Wisdom teeth may become a problem for you as they grow and develop in each corner of your mouth. Since development normally spans several years, problems often develop gradually. Nevertheless, these gradual changes can cause sudden and severe pain. Understanding why such things can happen may help you to deal with such problems, or better still, to encourage you to take preventive measures before they occur. And the primary preventive measure for wisdom teeth is removal, preferably at an early stage.
The jawbone grows to approximately its adult size by your late teens. Unfortunately, that size is often too small to hold developing wisdom teeth. When there is not enough room for your wisdom teeth, they may become impacted, or partially trapped in the jawbone and gums. The crown, or top of the tooth, may erupt, or just break through the gum, or it may remain completely within the bone. The roots can grow in unusual directions and may cause a variety of problems in your mouth and with your sinus cavity or the nerve in your lower jaw.
A wisdom tooth may grow toward your other teeth, away from them, or even in horizontal or vertical positions. When such conditions occur, it's far simpler and less painful to have them removed early, before they have a chance to firmly anchor in your jaw as the teeth grow and the roots lengthen.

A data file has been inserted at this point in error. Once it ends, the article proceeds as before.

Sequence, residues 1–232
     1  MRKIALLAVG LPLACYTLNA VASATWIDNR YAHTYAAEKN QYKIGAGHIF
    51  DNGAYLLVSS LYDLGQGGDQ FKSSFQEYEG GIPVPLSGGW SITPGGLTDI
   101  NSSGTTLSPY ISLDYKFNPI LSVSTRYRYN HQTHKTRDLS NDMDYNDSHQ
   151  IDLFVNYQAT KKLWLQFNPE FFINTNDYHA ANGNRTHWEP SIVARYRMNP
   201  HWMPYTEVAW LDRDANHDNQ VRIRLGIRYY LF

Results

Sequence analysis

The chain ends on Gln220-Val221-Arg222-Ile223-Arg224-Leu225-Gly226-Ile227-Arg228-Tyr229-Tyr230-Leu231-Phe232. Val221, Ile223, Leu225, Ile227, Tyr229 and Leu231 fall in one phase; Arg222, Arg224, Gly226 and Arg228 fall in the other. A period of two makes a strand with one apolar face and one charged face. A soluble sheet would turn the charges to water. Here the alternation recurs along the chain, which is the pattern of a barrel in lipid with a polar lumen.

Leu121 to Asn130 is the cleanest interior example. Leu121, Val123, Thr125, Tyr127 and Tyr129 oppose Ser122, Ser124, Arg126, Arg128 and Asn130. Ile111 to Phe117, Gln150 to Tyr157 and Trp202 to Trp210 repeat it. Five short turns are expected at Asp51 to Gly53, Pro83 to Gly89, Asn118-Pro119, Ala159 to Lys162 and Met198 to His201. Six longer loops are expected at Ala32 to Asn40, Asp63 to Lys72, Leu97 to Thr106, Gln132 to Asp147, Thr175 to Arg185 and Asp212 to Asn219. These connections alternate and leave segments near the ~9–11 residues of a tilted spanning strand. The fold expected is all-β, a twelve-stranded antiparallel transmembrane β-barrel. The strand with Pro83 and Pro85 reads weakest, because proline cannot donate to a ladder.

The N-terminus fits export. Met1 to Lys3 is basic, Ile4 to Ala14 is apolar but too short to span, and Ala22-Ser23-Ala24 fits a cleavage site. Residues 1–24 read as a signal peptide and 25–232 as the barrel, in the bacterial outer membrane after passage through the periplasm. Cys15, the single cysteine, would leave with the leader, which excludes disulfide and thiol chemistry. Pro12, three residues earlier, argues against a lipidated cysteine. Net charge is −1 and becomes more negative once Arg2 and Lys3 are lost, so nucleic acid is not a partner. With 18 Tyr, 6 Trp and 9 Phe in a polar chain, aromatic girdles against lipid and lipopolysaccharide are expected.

Not everyone has problems with their wisdom teeth. Factors that determine whether you will have problems include the size of your jaw and how your wisdom teeth grow in. There may be pain and swelling, or you may have no symptoms at all, even though the other teeth in your mouth may be at risk of damage. In addition to actual pain, common problems caused by wisdom teeth can include gum disease, crowding, decay, poor position, and cysts.
Since it is not practical for most people to evaluate how their wisdom teeth are developing, the best approach is to visit an oral surgeon such as Dr. Rowan for an evaluation. He will review your dental history, take dental X-rays, and perform an examination to determine the general health of your mouth and the condition of your wisdom teeth. If a problem with your wisdom teeth is detected, he may recommend surgery to remove them in order to avoid future problems. Early removal (usually mid teens)is best for most patients, as it usually helps to avoid more serious problems later on.
How and where your wisdom teeth are removed depends on several factors, including whether your wisdom teeth are erupted or impacted and how deep the roots are. Surgery may often be done in the oral surgeon's office rather than in a surgical center or hospital. Your oral surgeon will review the recommended procedure with you so that you will fully understand and be comfortable with the procedure before it is done. You will also be given information about eating, medication, rest, driving, and other considerations before surgery.
After surgery, you will rest while under close observation as you recover from the anesthetics used. You normally will be able to go home once your doctor is satisfied with your recovery.